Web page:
A Long and Rambling Conversation With the Showrunner of Adventure Time

I’m a huge Adventure Time fan. The trippy cartoon that was marketed for kids, but seemingly made for stoned college students, premiered in April 2010, smack dab in the middle of my own college education. And by the time the series was coming to an end in the late 2010s, I was watching each new entry in the increasingly complex saga like it was a fresh episode of Game of Thrones. This was appointment viewing, often followed by A.V. Club recaps and YouTube analysis videos.

So when the opportunity to interview showrunner Adam Muto (who took over from creator Pendleton Ward during Season 5) came up, I leaped at the opportunity. And then, I panicked.

This long rambling preamble is basically an excuse for the fact that the below interview with Muto is more rambly than usual. We talked about the new spinoff series Fionna and Cake, but I also peppered him with some random Adventure Time questions that have been stuck in my brain for years. And sometimes I forgot to ask questions entirely and just shared my own thoughts on the show.

Hopefully, if you’re an Adventure Time fan, you’ll enjoy reading our conversation as much as I enjoyed having it. Also, consider yourself warned that there are some light spoilers from Fionna and Cake Episodes 1 and 2 in this article. So maybe watch the premiere first and then come back and read this afterward. I can wait.

Non-magic Fionna and Cake aren’t exactly loving life.


Hey, Adam! I’m a huge fan of the show, and I know that you’ve been a big part of Adventure Time. So I have a lot of questions. I’m trying to think where to start. I guess maybe just start by telling me a bit about how this one came together. And what was the impetus for doing it now with Max?

Sure. So when the original series ended, we had a couple of ideas that we wanted to explore potentially if they were interested in making more that weren’t just more episodes of the series. Even from early on, that list included Fiona and Cake, along with Princess Bubblegum, Marceline, and one more Finn and Jake thing. But Fionna and Cake didn’t make it into that first set of specials.

Then, when new management took over, they were looking at what we had presented and trying to find what felt familiar, but also new. Fionna and Cake perfectly fit into that slot because it had the recognizability of Finn and Jake, but it was an opportunity to do something completely different with them.

Originally, I pitched it outside and it took a different streaming service because Max wasn’t sure if they wanted to make more, and then we used that leverage to get Max to kind of pull the trigger on it.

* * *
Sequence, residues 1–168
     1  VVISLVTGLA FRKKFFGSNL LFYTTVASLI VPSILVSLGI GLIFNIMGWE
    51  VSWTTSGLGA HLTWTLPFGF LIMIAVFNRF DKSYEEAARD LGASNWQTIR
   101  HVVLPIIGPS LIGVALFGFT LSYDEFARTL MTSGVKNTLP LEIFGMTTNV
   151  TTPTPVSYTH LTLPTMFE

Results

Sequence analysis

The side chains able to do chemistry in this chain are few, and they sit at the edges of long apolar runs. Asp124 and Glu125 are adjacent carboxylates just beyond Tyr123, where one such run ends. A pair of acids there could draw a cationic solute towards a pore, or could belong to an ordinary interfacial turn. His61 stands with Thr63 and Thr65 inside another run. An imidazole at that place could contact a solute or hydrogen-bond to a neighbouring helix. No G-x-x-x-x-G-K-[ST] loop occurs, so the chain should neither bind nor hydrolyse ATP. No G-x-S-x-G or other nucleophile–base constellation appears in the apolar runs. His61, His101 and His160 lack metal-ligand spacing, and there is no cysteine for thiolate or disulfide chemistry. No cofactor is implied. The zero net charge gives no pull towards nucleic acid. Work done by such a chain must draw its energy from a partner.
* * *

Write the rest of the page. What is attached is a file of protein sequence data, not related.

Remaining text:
Someone decided to print Ice King’s book. And he has fans.


That’s wild. Let’s really dive into Fionna and Cake. Every time someone turns on a TV in the Fionna and Cake universe, it’s playing Cheers. What are you trying to say there?

That was all a callback to Simon’s past with Marceline, where we had already established that he would sort of act out sitcoms that he remembered as entertainment for Marceline. One of the bigger Simon moments in the flashbacks was when he kind of tried to hold onto his sanity by singing the Cheers theme song. So this time we use it literally and see how that plays.

As he’s kind of stuck in this 20th-century mindset, we took it to an extreme and had Cheers being the only show in the normal version of Fionna World. But it’s not because Cheers has a deeper significance necessarily besides the kind of bittersweet theme song, which works really well in different contexts.

It’s also funny to me because at some point when he was a teenager, Tom Kenny [the voice actor who plays Simon/Ice King] just stopped watching TV. A lot of the TV shows that we would reference and theme songs that we’d have him reference he had no knowledge of. So we have this character played by Tom Kenny, who’s in so many shows, singing theme songs from shows he’s never watched.

Simon (Ice King) at the beginning of Fionna and Cake.


The voice cast in Fionna and Cake is pretty incredible. For one thing, Donald Glover is back as Marshall Lee.

He was just game to do it. They were all established voices so we just went back to everybody and saw if they were interested, but he was a surprise. I figured he would be the busiest out of everybody, but he really made time to be part of the show, and I appreciate it. I think he just does whatever he’s interested in. So it was really heartening that he would come back.

It was really a crapshoot. It was right after the pandemic’s heaviest days and production was starting up again. So all these projects that people had on hold were suddenly going. That’s why we had to recast a couple of parts. But getting Donald back especially was a big get.

Marshall Lee (Donald Glover) and Gary Prince (not Neil Patrick Harris).


Marshall Lee also plays a few original songs in the show, or at least one. Was Glover involved in writing those?

No. I mean, we had to get permission from his label and all that, but that would’ve been even harder. If I approached him and said, “Hey, can you write a song for us?” That would’ve been like another year of negotiating.

That was a song co-written by Patrick McHale and Somvilay Xayaphone that they had from years and years ago. They had a fake band with Pendleton Ward they had written a couple of songs. I think it was called The Bloody, and that was one of the songs they wrote for it. I could be conflating the fake bands they came up with over time.

Speaking of Pendleton, he also has a great voice cameo here as the male, non-magic version of Lumpy Space Princess, which I thought was hilarious. But did he contribute in any other ways? Did he have any influence on this story in this sort of sequel?

I’m trying to remember. I think we gave him a heads-up on what we’re working on, but at this point, he’s so concerned with his own projects that I think he’s happy to come back and do a voice. That’s sort of the limit of the involvement that he wants to have. We’ll see if in a couple of years from now we all need jobs. Maybe he’ll suddenly appear.

Adam Muto (right) with John DiMaggio, who voices Jake in Adventure Time.

Jerod Harris/Getty Images Entertainment/Getty Images

I’m sure you worked with him side by side for a long time. Is there any advice, anything that he ever told you that you still keep in mind when you’re working on Adventure Time?

I think this might’ve come from him. I’m not totally sure. But there are so many compromises in TV production because of your budget and your schedule that I remember him saying, “Try to find one thing that you’re really, really passionate about in each episode that’s unique to that episode, and make sure that that gets in. Because you can’t control so many things like how things are executed or how things are animated, but you can sort of narrow your focus to making sure one element of it turns out beautifully.” And I think that’s probably good for sanity. You’re never really finished. You just kind of run out of time on everything. So that felt like a healthy way to approach it.

Adventure Time creator Pendleton Ward (left) with the cast and artists of the show.